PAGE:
Conquer Your Fears, Breathe Better, and Enjoy Swimming
19th January 2018
A lot of people find they’re more than happy to swim with their head out of the water or to just paddle about, but once it comes to swimming properly and submerging their head, it’s a different story.
Being able to exhale underwater is very important but it takes a lot of practice. You may feel too much pressure in your sinuses or that your eardrums begin to hurt. So, how should you be doing it?
How do you breathe when you are learning to swim?
When you exhale under water, you should try to exhale through your nose as naturally as possible. Many new swimmers struggle to breathe properly when swimming, and lots of people find it hard to control the exhale underwater.
Before you enter the water, inhale deeply and try to fill your lungs as much as possible. Once your head enters the water, you should exhale out of your nose so that very small bubbles are created. Keeping these bubbles as small as possible will help you to track how slowly you are exhaling. A beginner will do well to exhale for 20 seconds. Feel the tension leaving your body as you blow out.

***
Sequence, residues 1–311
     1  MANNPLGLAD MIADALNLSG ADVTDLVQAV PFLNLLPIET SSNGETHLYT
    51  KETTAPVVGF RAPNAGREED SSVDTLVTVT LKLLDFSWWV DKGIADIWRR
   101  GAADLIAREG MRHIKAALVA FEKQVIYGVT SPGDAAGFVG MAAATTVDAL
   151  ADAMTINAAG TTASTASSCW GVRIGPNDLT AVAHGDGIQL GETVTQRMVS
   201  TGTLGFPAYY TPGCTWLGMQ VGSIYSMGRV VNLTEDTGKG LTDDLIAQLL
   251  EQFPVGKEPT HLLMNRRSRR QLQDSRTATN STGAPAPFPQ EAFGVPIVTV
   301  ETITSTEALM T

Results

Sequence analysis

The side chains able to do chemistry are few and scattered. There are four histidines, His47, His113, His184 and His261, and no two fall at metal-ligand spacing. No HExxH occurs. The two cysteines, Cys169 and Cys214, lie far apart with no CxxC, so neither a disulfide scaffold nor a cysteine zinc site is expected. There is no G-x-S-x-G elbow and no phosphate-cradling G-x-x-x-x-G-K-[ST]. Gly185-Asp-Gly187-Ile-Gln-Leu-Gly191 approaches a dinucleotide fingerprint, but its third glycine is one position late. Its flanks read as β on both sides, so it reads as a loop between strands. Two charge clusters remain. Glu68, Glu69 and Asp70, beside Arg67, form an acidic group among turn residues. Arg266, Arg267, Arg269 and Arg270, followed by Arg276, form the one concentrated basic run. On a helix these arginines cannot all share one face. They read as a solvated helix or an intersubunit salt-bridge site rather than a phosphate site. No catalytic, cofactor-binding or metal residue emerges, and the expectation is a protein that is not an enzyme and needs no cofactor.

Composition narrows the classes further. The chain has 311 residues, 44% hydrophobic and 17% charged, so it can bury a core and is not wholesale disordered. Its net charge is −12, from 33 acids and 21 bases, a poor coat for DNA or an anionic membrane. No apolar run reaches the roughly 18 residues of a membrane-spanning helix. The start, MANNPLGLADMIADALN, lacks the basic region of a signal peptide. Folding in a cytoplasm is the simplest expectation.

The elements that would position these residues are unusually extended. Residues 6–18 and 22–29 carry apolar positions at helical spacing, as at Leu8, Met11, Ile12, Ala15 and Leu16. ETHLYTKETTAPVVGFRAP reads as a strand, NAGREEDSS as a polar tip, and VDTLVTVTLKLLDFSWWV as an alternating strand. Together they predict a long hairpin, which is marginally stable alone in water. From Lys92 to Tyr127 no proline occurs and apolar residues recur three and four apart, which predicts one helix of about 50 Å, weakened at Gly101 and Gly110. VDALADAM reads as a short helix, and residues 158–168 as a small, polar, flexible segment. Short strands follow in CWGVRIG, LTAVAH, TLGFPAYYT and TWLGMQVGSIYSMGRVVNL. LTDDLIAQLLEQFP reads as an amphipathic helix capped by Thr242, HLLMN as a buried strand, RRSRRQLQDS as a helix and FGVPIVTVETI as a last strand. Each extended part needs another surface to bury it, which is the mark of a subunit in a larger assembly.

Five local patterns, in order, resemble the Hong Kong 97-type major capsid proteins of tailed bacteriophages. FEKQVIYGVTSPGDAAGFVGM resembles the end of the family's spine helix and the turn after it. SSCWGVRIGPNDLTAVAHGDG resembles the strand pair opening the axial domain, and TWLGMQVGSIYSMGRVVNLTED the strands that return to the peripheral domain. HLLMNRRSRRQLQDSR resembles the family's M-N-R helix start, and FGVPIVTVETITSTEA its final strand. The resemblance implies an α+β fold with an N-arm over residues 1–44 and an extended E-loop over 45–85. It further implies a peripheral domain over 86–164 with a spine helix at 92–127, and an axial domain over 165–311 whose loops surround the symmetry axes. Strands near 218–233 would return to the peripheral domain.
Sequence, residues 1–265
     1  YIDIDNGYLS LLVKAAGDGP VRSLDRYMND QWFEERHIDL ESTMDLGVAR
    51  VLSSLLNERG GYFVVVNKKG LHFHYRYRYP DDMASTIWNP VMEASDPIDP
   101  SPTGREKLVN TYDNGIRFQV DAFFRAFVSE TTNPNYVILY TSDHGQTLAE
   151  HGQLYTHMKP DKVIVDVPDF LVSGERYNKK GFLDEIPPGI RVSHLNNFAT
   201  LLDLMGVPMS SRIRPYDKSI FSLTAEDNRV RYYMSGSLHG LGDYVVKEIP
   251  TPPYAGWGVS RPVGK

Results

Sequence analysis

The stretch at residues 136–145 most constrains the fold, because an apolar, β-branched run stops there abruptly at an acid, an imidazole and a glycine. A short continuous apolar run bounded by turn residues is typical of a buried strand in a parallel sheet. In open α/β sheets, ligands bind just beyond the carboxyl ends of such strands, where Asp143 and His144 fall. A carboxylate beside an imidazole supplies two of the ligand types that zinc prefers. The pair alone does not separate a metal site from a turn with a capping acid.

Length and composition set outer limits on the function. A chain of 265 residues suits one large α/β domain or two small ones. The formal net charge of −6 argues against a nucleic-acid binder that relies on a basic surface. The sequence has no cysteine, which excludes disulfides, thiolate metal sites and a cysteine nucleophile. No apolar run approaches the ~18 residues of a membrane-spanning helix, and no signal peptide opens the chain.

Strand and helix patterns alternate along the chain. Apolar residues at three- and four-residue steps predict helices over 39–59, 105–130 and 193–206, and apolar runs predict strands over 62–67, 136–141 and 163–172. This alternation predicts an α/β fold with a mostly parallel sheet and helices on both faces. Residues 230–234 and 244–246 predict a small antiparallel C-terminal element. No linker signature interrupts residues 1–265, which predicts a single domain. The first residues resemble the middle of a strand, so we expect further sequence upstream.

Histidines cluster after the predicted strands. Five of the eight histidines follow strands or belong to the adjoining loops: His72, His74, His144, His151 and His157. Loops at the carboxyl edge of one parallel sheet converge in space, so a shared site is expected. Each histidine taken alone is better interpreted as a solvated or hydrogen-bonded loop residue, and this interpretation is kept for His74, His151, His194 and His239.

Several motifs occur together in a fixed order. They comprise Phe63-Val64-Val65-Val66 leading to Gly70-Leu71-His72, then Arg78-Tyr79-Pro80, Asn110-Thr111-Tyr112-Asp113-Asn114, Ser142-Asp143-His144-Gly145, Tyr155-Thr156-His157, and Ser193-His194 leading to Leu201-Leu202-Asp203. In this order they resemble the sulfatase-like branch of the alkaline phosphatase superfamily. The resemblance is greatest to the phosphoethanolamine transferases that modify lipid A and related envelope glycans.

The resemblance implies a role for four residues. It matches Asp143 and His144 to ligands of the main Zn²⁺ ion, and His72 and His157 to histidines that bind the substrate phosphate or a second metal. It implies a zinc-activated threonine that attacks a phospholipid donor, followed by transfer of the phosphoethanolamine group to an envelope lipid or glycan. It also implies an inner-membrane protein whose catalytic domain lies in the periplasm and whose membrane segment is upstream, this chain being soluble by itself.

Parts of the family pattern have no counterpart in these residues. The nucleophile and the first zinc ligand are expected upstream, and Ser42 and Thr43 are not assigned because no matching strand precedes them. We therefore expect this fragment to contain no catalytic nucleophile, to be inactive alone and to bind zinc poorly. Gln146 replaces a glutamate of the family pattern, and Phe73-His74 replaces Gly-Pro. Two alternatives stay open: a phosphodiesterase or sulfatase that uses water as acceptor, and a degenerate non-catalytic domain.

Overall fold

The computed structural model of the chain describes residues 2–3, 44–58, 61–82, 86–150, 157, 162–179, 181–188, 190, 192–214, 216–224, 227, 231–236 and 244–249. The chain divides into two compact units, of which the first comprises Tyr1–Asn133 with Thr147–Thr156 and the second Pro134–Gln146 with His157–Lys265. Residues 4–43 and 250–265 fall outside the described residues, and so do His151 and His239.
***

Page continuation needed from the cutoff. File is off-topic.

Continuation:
When breathing in freestyle you must make sure you exhale steadily until your mouth is clear of the surface , then inhale and exhale again as soon as your nose enters the water . Inhale every 2 or 3 arm strokes.
When swimming in open water, which is much colder it’s important to stay calm and control your breathing as much as possible. Once you have mastered the art of breathing during swimming, you will find it becomes much easier and you won’t get so breathless after a few metres!
How do you keep water out of your nose while swimming?
Practice, practice, practice. One of the best techniques to keep water out of your nose while swimming it to practice with your head in a bowl of water. This will remove the panic element of being in the pool and will allow you to completely control the experience.
Another useful trick is to hum with your face out of the water, then put your face into the water while you are still humming, keeping your mouth closed. As your head enters the water, slowly exhale through your nose . Practice this many times and as you get more comfortable, keep your head under the water for longer and longer.
At first, it will be difficult to find the fine line between blowing out so fast you run out of air too quickly and not allowing enough out and ending up with water up your nose. It really does just take time and practice!
If you really want to get over your fear of water, sign up for our fear of water swim sessions which will help you to conquer your fears, breathe better, and enjoy swimming!